The Mark Of Angels

Teri Goggin-Roberts
 

© Copyright 2003 by Teri Goggin-Roberts

Photo of a juggler.

Many years ago I visited Bern, the charming capitol of Switzerland. Feeling liberated from itineraries one evening, I wandered through the medieval streets into the heart of the city.  The warm twilight breeze had lured swarms of people into the town square. Old men played checkers at cement tables amid musicians, jugglers and other assorted street performers. I paused to drink in the carnival of sights and sounds.

An American accent rang out above the bustle.  "One...Two...Three!"

A burst of laughter erupted from the crowd around a juggler. I moved in closer, drawn in by his act and familiar accent.  After a finale of quick-handed magic tricks, appreciative onlookers threw coins and
moved on.

As the juggler bent down to collect the loose change, I felt compelled to connect.

"Excuse me. Uh, I liked your act."

The Juggler looked up with a surprised expression, as if he didn't expect anyone to stayaround.

"Hey thanks! You sound like an American."

I laughed, admitting that I'd been drawn to speak with him, maybe because of his Yankee accent too. As travelers tend to do, I politely asked him what part of the States he was from.

"California." the Juggler replied, "And you guys?"

I responded in the same general way. "Pennsylvania. Outside Philadelphia."

The juggler stopped picking up coins.

"Oh...Where outside Philadelphia?"

I was slightly taken aback. Why did the name of the town matter if he was from California? Feeling silly again, but strangely compelled to talk, I answered. "Haverford."

The Jugglers jaw dropped and his bearded face softened. He spoke barely above a whisper. "I went to Haverford High School."

"But I thought you said you were from California?"

The Juggler got up off his knees and sat on the edge of a concrete flower container. He drew in a breath and poured out a story he'd long locked away.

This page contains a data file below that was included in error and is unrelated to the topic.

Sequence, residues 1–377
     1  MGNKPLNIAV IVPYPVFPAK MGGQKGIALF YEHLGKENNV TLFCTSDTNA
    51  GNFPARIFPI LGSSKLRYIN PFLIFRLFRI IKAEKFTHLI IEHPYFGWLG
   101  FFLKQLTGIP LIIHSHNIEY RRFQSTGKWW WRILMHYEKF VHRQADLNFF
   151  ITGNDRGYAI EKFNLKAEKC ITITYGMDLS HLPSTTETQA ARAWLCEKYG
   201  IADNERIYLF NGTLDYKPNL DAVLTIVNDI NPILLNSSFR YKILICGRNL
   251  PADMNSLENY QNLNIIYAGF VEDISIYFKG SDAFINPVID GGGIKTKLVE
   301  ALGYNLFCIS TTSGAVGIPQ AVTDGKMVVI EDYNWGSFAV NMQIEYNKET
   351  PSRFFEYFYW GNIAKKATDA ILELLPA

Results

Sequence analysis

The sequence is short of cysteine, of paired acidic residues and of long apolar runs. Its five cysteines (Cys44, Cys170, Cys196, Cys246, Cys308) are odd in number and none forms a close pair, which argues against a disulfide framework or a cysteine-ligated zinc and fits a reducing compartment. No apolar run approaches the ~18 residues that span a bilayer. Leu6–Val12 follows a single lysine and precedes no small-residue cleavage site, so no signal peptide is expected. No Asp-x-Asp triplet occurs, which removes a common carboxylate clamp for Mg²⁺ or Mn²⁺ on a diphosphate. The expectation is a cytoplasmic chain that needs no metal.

"I discovered I loved to perform while I was in high school. I wanted to study the Arts in college but my stepfather felt I should study a serious subject, like dentistry or something. I felt I had no choice, so I went to college in California, but I couldn't study what I didn't love. Rather than go home and face my stepfather, I left the States to pursue my dream in Europe." With a quiet sigh he concluded, "I haven't contacted my mother in 7 years."

After further discussion, I learned the Juggler's mother lived three minutes from our house. In fact, I drove past her home every day on the way to work. We stood in quiet awe of the "coincidence" of our meeting.

The Juggler broke the silence. "If I give you my mother's number, would you call her for me when you get back home? Would you tell her I'm okay?"

As a mother, I ached for a woman who was separated from her son. I nodded a tearful yes and tucked the number away. The Juggler and I parted, forever changed by our meeting thousands of miles from home.

On the plane ride back to the States, doubts crept into my thoughts. "What if his mother is angry? What if his mom doesn't want to hear from me?"

Once back home, I picked up the phone and put it back in the cradle countless times; but I couldn't ignore the strong inner voice that urged me to call. After taking a deep breath, I dialed the number on the crumpled piece of paper. A woman answered the phone. I spoke before I lost my nerve.

"Hello. You don't know me but...."  The story of my trip to Bern spilled out, rapidly reaching the part where I met the Jugglerin the town square. As I relayed her son's greeting, the woman cried. "Oh Thank God!"

In a voice thick with emotion, her questions tumbled out one after another, "How did he look? Was he well? Is he okay?"

I found myself in the peculiar position of describing a son to his mother. I assured her that he was healthy, happy and seemed to be doing well. I described the Jugglers hair, his beard and his request that I make contact with her. The Juggler's mom cried even harder.

"My son's last letter said he was thinking of coming home. He wrote that the next time I heard from him would be a sign that all was forgiven and he'd be home soon. This is the sign I was waiting for! Thank you so much for calling!"

After I hung up the phone, I marveled at the odds of meeting the Juggler at just the right place, at just the right time and at just the right moment in his life. I smiled through tears of my own and knew that chance had nothing to do with it.

Destiny, serendipity, sweet forgiveness -- it had all the marks of angels at work.

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